The timing was not accidental when Saudi Arabia announced over the weekend that its ambassador to Jordan will also take on the roles of ambassador to the Palestinian Authority and consul general in eastern Jerusalem.
The announcement came days after The Wall Street Journal reported that U.S. and Saudi officials have agreed on the general outlines of an agreement for Riyadh to normalize relations with Israel. The White House then downplayed the idea that Riyadh had agreed to the “broad contours” of a normalization deal.
Although Israeli Foreign Minister Eli Cohen on Sunday quickly shot down the idea of a Saudi consulate for the Palestinians in eastern Jerusalem, Saudi and Palestinian officials said, “The Saudi move is an indication of the possibility of an agreement to normalize relations between Israel and Saudi Arabia soon and is a signal to the entire region.”
But Saudi and Palestinian officials also said, “Saudi Arabia wishes to signal to Jordan that it considers itself entitled to set foot in the al-Aqsa mosque in east Jerusalem, which would make the crown prince and the Al Saud dynasty responsible for the three holy places of Islam: Mecca, Medina and al-Aqsa.”
Saudi sources stressed that the religious issue is critical in the eyes of the royal palace, which must deal with a large group of Saudi princes and dignitaries who do not look favorably on Crown Prince Mohammed bin Salman’s pivot towards the West.
For several years, Saudi Arabia has been signaling to Jordan that it intends to replace Amman as custodian of Jerusalem’s Temple Mount.
Since the Six-Day War of 1967, the day-to-day administration of the Temple Mount has been overseen by the Islamic Waqf, a religious trust, while Israel is responsible for security. However, the Israel-Jordan peace treaty of 1994 placed the Waqf under the purview of the Jordanian monarchy. As custodian of the Temple Mount, the Jordanian monarchy funds the Waqf and appoints its leadership.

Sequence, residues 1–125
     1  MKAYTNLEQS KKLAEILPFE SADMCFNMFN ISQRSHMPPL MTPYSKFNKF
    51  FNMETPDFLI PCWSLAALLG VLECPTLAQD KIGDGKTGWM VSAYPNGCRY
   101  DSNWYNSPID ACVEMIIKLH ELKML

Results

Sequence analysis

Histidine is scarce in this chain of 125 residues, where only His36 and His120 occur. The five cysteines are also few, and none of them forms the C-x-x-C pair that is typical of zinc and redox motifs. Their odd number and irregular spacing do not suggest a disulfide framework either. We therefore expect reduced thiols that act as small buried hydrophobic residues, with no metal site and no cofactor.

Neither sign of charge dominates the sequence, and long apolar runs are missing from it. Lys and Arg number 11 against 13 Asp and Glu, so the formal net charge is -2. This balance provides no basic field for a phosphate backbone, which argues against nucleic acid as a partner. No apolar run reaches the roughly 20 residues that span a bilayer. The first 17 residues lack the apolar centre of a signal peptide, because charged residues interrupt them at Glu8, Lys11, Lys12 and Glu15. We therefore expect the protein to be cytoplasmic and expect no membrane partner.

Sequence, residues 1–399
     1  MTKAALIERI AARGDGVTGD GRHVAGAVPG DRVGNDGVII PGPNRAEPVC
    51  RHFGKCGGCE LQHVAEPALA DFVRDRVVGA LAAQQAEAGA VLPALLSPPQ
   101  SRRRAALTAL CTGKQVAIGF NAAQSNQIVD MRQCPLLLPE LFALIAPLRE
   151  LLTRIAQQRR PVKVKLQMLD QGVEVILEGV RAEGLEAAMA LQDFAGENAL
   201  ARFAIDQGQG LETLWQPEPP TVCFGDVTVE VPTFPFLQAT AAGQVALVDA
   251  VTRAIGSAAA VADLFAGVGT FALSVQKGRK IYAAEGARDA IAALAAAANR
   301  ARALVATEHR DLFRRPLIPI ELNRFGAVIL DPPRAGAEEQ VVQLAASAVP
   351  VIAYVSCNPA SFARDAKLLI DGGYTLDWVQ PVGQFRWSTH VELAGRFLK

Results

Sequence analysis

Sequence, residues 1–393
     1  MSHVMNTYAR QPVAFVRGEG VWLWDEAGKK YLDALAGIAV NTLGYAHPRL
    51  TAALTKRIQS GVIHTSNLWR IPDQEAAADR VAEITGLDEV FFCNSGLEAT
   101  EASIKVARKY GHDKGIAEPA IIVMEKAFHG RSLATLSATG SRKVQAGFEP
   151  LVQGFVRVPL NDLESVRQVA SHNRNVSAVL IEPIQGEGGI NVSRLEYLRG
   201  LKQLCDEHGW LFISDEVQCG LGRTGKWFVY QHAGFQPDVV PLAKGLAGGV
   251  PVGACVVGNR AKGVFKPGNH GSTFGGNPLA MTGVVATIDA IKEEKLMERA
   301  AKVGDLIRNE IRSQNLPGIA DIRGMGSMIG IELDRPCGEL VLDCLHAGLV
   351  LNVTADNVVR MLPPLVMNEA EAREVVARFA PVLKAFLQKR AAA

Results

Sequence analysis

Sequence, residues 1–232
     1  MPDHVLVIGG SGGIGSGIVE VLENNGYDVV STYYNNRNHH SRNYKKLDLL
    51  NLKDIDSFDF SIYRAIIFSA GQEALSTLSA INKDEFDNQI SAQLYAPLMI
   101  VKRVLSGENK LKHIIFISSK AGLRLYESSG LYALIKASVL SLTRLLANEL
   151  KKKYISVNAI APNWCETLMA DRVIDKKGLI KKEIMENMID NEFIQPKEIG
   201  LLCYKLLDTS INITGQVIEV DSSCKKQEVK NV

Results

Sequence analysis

Encroachment in Jerusalem
Palestinian Authority President Mahmoud Abbas visited Jordan’s King Abdullah in Amman on Tuesday and, according to Arab reports, the two men discussed their concerns about what they consider Saudi encroachment in Jerusalem.
A Waqf official warned, “The Jordanian weakness since King Abdullah ascended to the throne [in 1999] is being exploited by the Muslim Brotherhood and by their main patrons, Qatar and Turkey, and it is not liked by the Saudis, who tend to interfere in the management of the holy place for Muslims.”
The source added that both the Waqf and the P.A. are “concerned” and “disturbed” with the way Abdullah treats his position as custodian of the Temple Mount and his “lack of vigorous action” over the holy sites.
“Unlike his father, King Hussein, [Abdullah] transferred the al-Aqsa case to other officials at home. The monarchy is unable to be a significant authority vis-à-vis the Muslim Brotherhood and the Turks, which led to the weakening of the Waqf.”
During Ramadan, which overlapped with the week-long Passover holiday, Palestinians incited by Sheikh Raed Salah of the Muslim Brotherhood-aligned Northern Branch of the Islamic Movement in Israel barricaded themselves inside the Al-Aqsa mosque. Israeli officials had appealed to Amman not to allow Palestinians to spend the night in the mosque, given the security tensions at the time.
The source also said that “in response to this, officials from eastern Jerusalem previously turned to the Saudis so that they would act as a counterweight to Turkey, which is operating in the Old City and in the holy places.”
The Israel-Turkey diplomatic thaw is paving the way for the Turkish Cooperation and Coordination Agency (TIKA) to resume its efforts to undermine Israeli sovereignty in eastern Jerusalem and boost Turkish influence in the city.
The Saudis are seeking American security guarantees regarding Iran and advanced weapons and US assistance to develop a civilian nuclear program.
Sources close to the Saudi and Israeli leadership have made conflicting comments on Palestinian linkage.
According to the Gulf sources, the Saudis are conditioning normalization with progress on the Palestinian front, but the Israeli sources say Riyadh has made no such stipulations.